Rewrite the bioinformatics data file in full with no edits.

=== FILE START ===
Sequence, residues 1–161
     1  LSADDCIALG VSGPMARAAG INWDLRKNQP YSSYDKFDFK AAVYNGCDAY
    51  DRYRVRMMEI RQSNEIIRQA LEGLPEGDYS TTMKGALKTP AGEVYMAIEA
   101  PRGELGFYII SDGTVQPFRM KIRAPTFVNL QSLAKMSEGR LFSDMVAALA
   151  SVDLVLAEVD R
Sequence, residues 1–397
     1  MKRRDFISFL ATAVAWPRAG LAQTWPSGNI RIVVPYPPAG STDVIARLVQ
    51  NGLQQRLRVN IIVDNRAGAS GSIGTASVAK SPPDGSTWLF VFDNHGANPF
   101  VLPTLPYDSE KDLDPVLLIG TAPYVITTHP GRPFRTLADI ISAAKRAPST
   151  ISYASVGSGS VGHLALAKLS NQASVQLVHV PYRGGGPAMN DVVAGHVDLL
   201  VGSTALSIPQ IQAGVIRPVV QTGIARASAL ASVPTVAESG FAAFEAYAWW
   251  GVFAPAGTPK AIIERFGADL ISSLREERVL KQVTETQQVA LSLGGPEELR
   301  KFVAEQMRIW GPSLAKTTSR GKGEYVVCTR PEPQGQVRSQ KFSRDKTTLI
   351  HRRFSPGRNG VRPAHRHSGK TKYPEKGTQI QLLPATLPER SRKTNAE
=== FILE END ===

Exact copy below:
Sequence, residues 1–161
     1  LSADDCIALG VSGPMARAAG INWDLRKNQP YSSYDKFDFK AAVYNGCDAY
    51  DRYRVRMMEI RQSNEIIRQA LEGLPEGDYS TTMKGALKTP AGEVYMAIEA
   101  PRGELGFYII SDGTVQPFRM KIRAPTFVNL QSLAKMSEGR LFSDMVAALA
   151  SVDLVLAEVD R
Sequence, residues 1–397
     1  MKRRDFISFL ATAVAWPRAG LAQTWPSGNI RIVVPYPPAG STDVIARLVQ
    51  NGLQQRLRVN IIVDNRAGAS GSIGTASVAK SPPDGSTWLF VFDNHGANPF
   101  VLPTLPYDSE KDLDPVLLIG TAPYVITTHP GRPFRTLADI ISAAKRAPST
   151  ISYASVGSGS VGHLALAKLS NQASVQLVHV PYRGGGPAMN DVVAGHVDLL
   201  VGSTALSIPQ IQAGVIRPVV QTGIARASAL ASVPTVAESG FAAFEAYAWW
   251  GVFAPAGTPK AIIERFGADL ISSLREERVL KQVTETQQVA LSLGGPEELR
   301  KFVAEQMRIW GPSLAKTTSR GKGEYVVCTR PEPQGQVRSQ KFSRDKTTLI
   351  HRRFSPGRNG VRPAHRHSGK TKYPEKGTQI QLLPATLPER SRKTNAE